The shift has left many East Germans both amazed and skeptical.
"For years, the media here were a joke," said Joachim Lenz, a 25-year-
old students at East Berlin's Humboldt University. "They had nothing to,
do with reality, and the newspapers were full of interviews with happy
workers while the rest were packing up to go West."
Shuttle to come home today:
CAPE CANAVERAL, Fla. - Atlantis's astronauts went to bed ahead'
of schedule last night after Mission Control told them to come home
three hours early today to avoid high winds at the Mojave Desert landing
site.
After spending the day stowing their gear, testing the shuttle's steering
system and packing up experiments, the five crew members said good.
night to Mission Control shortly before 9 p.m. EDT. 0
"This will be our last time with you hopefully," said Mike Baker, an'
astronaut serving as a spacecraft communicator at Mission Control. "You
guys have done a superb job, and we'll see you tomorrow back in Hous-'
ton."
"I think we'll all, as the years pass and Galileo journeys towards
Jupiter, look back on this one as something that was accomplished by a
great team working together," Atlantis Commander Don William said.
Drug war harms innocents
DETROIT - Innocent people are getting tripped up by some state and
federal laws that have been lauded as effective in depriving drug dealers of:
ill-gotten gains, lawyers say.
Joseph Haji is one of those who claims he has been unjustly caught in
the drug crack down cross fire.
Haji, owner of a market in Detroit, was held over night in jail after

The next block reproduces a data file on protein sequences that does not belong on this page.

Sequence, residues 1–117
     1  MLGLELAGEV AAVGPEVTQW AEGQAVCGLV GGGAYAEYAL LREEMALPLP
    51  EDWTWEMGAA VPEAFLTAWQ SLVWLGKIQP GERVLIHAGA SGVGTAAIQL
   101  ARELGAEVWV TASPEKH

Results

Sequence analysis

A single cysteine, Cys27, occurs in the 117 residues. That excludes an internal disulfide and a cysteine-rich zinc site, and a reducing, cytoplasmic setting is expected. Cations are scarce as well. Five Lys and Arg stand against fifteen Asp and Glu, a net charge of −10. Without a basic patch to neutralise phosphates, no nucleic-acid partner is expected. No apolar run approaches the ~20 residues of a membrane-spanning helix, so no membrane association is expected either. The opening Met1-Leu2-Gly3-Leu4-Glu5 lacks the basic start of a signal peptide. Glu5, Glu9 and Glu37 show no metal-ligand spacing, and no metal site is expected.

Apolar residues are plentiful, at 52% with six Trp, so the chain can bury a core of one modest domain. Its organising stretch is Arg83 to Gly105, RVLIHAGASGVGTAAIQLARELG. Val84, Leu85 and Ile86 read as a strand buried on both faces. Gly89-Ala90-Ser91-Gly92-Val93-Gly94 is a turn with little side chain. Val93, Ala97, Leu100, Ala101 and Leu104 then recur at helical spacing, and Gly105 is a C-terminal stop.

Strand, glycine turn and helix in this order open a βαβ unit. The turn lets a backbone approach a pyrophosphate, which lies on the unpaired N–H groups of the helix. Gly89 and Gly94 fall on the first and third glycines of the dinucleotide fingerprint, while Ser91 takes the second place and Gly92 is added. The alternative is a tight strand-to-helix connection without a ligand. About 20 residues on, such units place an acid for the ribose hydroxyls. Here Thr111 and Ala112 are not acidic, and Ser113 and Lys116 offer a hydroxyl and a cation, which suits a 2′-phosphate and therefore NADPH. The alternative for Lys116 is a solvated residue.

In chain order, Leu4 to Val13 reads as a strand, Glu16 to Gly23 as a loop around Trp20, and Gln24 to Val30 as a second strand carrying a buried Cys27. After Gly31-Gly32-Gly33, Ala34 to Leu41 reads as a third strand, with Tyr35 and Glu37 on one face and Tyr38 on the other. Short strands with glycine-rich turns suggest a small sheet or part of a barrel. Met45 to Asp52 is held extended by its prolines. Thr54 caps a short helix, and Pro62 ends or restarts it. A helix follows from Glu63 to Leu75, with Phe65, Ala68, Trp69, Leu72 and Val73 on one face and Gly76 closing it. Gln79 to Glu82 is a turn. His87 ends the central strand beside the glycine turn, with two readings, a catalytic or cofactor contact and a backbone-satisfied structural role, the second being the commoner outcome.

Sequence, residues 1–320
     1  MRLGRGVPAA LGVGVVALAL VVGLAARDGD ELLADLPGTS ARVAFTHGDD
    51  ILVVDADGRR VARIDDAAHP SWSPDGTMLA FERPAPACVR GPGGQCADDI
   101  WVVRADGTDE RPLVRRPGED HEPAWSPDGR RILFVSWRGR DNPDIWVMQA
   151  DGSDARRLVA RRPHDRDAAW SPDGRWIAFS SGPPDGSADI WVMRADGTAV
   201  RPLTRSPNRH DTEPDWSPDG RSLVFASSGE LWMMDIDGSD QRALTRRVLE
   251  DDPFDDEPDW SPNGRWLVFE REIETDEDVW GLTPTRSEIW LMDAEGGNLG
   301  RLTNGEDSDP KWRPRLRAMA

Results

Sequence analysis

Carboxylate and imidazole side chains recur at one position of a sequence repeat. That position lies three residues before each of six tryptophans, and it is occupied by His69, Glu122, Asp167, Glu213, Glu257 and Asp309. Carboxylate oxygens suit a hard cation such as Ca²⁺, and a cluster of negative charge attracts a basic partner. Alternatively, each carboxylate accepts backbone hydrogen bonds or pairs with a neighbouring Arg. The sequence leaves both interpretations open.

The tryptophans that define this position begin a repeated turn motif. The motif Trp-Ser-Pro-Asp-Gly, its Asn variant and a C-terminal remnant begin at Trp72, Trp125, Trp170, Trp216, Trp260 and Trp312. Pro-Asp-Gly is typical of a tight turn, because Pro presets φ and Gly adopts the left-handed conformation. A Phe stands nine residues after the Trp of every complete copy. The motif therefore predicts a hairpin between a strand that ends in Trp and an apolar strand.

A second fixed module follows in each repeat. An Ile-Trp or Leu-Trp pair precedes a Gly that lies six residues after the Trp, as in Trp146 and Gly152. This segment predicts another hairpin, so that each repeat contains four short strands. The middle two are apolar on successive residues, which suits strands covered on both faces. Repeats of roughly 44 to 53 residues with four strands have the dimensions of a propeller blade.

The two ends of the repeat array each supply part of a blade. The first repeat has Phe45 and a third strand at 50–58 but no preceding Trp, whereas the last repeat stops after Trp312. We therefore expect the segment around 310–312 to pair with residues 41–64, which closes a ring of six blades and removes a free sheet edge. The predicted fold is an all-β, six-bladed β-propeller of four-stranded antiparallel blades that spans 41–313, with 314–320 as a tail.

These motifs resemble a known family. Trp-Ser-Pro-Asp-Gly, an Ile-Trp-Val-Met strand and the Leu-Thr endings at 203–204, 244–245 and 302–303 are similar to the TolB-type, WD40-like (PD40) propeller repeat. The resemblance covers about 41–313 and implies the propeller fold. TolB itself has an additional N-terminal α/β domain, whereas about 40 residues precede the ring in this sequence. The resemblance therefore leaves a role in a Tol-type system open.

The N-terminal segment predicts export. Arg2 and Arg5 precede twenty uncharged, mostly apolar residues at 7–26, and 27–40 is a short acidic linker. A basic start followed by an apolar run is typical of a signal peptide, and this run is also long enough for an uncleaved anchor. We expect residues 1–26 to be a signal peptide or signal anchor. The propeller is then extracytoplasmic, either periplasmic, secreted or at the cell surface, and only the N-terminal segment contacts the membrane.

police raided his store, confiscating $4,384 in cash from the register when
dogs sniffed out three $1 bills that were apparently coated with cocaine.
Haji, who wasn't charged, said any cocaine-tainted bills came from
customers making purchases.
"Look at the neighborhood I'm in," Haji said. "Seventy-five percent of
my business is with dope dealers and users. I'm supposed to inspect the
money?"
The money was ordered forfeited to the government because it was tied
to illicit drugs, and Haji said the cost of attempting to retrieve it may be
higher than the loss,
EXTRAS
'Deep Thought' loses in
chess to some human guy

NEW YORK - It was a battle of two chess champions - one active
and outspoken, known to sip tonic water during matches, the other sitting
quietly on a desk, taking in a different kind of juice.
World chess champion Garri Kasparov, who hasn't lost a tournament
since 1981, met Deep Thought, the winner of this year's World Computer
Chess Championship, for two games yesterday.
The human won the first game after 2.5 hours when the computer
retired from the game after Kasparov's 52nd move. He won the second
match after two hours when the computer surrendered after 37 moves.
"I expected it," said Kasparov, who appeared on "Late Night With
David Letterman" Friday night. "It's a good player but without position
and experience."
Deep Thought has never been on the Letterman show.
t+ie
The Michigan Daily (ISSN 0745-967) is published Monday through Friday during the fall and winter
terms by students at the University of Michigan. Subscription rates: for fall and winter (2 semesters)
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ADDRESS: The Michigan Daily, 420 Maynard, Ann Arbor, MI 48109.
PHONE NUMBERS: News (313) 764-0552, Opinion 747-2814, Arts 763-0379, Sports 747-3336, Cir-
culation 764-0558, Classified advertising 764-0557, Display advertising 764-0554, Billing 764-0550